Entertainment

'Neo Yokio: Pink Christmas' Is the Perfect, Weird Millennial Holiday Special

neo yokio
Netflix

Neo Yokio has got to be one of Netflix's strangest investments. The show, which began with a six-episode season last year, feels like one big inside joke. Created by Vampire Weekend frontman Ezra Koenig, it's an English-language anime-style series about a dystopian New York (hence, Neo Yokio) occupied by demon-fighting magistocrats. But exorcising comes second to a winking satire of cosmopolitanism, like Gossip Girl but somehow even more insider. For seemingly no reason at all -- Netflix has yet to greenlight Neo Yokio for a second season -- the show just came out with one of the best Christmas specials in recent memory. Neo Yokio: Pink Christmas is bizarre and hilarious, a holiday tale for people who appreciate jokes about streetwear and ironic critiques of capitalism.

Pink Christmas opens with our pink-haired hero Kaz Kaan, Neo Yokio's number two bachelor voiced by Jaden Smith, sick in bed on Christmas Eve. Bored, he has his mecha butler Charles (the very proper-sounding Jude Law) weave a yarn for him, with Kaz as the main character ("Not an ego thing. Just so I can identify with it, y'know?"). "I do love original content," Kaz says, a line that could be taken as a dig at Netflix itself. Charles' tale starts off by following a Bergdorf Goodman salesclerk named Herbert (British comedian Richard Ayoade), who lives to sell finery to Neo Yokio's upper crust. Thus, he takes on the task of finding Kaz's Secret Santa gift for his nemesis, Arcangelo Corelli (a perfectly wry Jason Schwartzman). You see, in Neo Yokio, Secret Santa is serious business. The top bachelors in the city -- Arcangelo is number one -- exchange lavish gifts in a ceremony that takes place in a sort of war room that gets broadcast on television narrated by color commentating announcers. Give the most expensive and rarified gift, and you win the adoration of the public.

neo yokio
Netflix

Still, the multi-layered plot of Pink Christmas is so haphazard and meta I would look like an insane person trying to describe it in full here. The pleasure of watching Neo Yokio is not necessarily in coherent storytelling; it's in the absurdism with which it approaches its set pieces. For example, at the Secret Santa showdown, Arcangelo shows up Kaz by suddenly reproaching material goods, calling for everyone to stop buying things, and sings Kaz a "goddamn song" as his present. Called "Friend Like U," it's a bass-driven ode to friendship written by Koenig -- whetting the appetite of those that have been waiting five years for a new Vampire Weekend album -- along with iLoveMakonnen (remember "Tuesday"?) and producer BloodPop. Arcangelo doesn't truly believe a song is worth more than a fancy, one-of-a-kind watch with a demonic sensor, but it's a way to turn himself into a monetized hashtag (#ACC, for the Arcangelo Christmas Challenge). 

Meanwhile, there's an entire other thread unfolding in Kaz's home given the arrival of his Aunt Angelique, a memoirist played by the legendary West African musician Angélique Kidjo. She comes carrying a giant Toblerone -- one of the show's signature props -- and an anti-establishment attitude that grates with his other aunt, Agatha (Susan Sarandon). They end up battling with magic, Dragon Ball Z style, over a large Christmas goose.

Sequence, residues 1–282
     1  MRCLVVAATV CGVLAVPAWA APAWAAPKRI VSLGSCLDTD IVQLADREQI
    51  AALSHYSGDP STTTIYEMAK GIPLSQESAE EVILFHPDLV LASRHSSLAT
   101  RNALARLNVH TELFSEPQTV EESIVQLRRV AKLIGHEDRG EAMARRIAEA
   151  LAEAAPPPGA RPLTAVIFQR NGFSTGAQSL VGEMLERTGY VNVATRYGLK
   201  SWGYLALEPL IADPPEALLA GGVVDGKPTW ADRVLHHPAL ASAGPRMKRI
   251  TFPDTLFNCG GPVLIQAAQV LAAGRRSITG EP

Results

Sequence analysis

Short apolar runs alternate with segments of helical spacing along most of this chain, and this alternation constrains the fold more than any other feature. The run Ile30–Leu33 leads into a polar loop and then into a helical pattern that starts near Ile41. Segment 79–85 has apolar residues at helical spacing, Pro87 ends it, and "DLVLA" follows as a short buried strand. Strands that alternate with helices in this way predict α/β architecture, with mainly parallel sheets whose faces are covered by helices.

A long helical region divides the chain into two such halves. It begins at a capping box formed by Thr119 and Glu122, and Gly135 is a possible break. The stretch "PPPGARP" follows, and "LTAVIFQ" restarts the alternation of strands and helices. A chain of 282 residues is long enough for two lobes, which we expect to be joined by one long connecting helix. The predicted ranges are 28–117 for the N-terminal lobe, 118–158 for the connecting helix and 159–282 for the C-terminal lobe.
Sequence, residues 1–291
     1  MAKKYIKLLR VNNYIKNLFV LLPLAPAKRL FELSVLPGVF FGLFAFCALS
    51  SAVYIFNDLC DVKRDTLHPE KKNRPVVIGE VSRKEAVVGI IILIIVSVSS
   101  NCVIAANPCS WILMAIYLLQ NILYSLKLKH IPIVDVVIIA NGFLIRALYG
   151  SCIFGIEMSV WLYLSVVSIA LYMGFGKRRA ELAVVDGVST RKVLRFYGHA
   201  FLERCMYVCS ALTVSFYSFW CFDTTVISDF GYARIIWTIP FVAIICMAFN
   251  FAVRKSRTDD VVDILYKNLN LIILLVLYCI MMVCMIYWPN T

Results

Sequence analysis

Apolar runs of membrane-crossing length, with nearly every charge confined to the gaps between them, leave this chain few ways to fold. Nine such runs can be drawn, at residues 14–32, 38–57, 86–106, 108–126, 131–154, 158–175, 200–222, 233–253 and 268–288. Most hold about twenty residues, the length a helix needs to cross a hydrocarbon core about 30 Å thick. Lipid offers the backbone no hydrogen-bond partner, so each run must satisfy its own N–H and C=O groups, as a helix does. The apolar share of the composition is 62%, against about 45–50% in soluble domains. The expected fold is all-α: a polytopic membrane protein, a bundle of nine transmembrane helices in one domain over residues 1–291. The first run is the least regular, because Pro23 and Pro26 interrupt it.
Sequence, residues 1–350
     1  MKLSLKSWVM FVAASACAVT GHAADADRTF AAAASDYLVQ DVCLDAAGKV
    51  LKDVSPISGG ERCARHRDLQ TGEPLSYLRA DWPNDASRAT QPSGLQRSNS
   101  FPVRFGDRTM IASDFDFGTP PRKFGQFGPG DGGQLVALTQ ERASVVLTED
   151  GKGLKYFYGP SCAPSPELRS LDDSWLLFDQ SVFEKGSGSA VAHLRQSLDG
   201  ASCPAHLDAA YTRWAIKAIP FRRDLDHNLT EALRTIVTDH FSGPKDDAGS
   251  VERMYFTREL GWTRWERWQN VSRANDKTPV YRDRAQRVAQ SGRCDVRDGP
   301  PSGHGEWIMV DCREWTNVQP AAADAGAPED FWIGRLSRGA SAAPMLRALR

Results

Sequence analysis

In a delightful C-plot, Kaz's friends Lexy and Gottlieb (the talk show duo Desus Nice and The Kid Mero) are dreaming up ways to further their Caprese Boy brand, invented during the first season. (A Caprese Martini is a martini with tomato, basil, olive oil, and mozzarella flavors, like, yes, a Caprese salad.) Lexy and Gottlieb experiment with canned cocktails, which fail; streetwear, which fails after Arcangelo's Secret Santa "Fuck material goods" proclamation; and eventually settling on an "activation" that does absolutely nothing. "At the end of the day, people just want to engage with a logo," Lexy says.

It's these kinds of aphorisms that are Neo Yokio's bread and butter, each a witticism on our hyper-connected, hypebeast culture, delivered with a totally straight face by the excellent voice cast, which also inexplicably includes the likes of Alexa Chung, Rashida Jones, and Jamie Foxx. Neo Yokio finds monied society profoundly ridiculous and thinks it's awesome, and that's what makes it so perfect for the holiday season, typically plagued with consumerism debates. In Neo Yokio, buying things is both a very dumb pursuit and the most important activity in the world; look no further than "The Boys" (Kaz, Lexy, and Gottleib) fretting over which several-thousand dollar sweater to buy for a Gorgeous Christmas Sweater Party. You can love Bergdorf's even when brands are maybe evil.

Perhaps the best way to sum up the mixed messaging of Neo Yokio is by looking at one of its bits of marketing. On Twitter, the show's official account tempts with the promise of real-life Caprese Boy merchandise, and yet if you click the link to the online store, you're met with a skull and Arcangelo's rally cry, "Fuck Material Goods." C'mon, Netflix, if Neo Yokio proves anything, it's that you can covet items and think capitalistic structures are garbage. I just want a sick sweatshirt. 

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Esther Zuckerman is a senior entertainment writer at Thrillist. Follow her on Twitter @ezwrites.